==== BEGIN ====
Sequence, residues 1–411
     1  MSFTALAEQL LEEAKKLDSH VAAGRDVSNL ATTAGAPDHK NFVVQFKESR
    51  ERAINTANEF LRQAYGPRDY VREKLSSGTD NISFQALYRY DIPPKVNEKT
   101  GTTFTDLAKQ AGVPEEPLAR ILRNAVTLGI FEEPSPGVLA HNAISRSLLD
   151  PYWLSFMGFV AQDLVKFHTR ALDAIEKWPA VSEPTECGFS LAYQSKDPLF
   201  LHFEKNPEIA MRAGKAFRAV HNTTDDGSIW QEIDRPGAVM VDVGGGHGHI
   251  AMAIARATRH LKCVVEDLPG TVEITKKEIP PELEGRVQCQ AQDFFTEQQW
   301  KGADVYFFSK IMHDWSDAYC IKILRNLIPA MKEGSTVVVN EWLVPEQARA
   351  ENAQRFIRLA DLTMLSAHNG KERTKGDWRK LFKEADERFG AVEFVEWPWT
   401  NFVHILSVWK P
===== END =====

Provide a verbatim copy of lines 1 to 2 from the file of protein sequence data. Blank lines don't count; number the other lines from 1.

Sequence, residues 1–411
     1  MSFTALAEQL LEEAKKLDSH VAAGRDVSNL ATTAGAPDHK NFVVQFKESR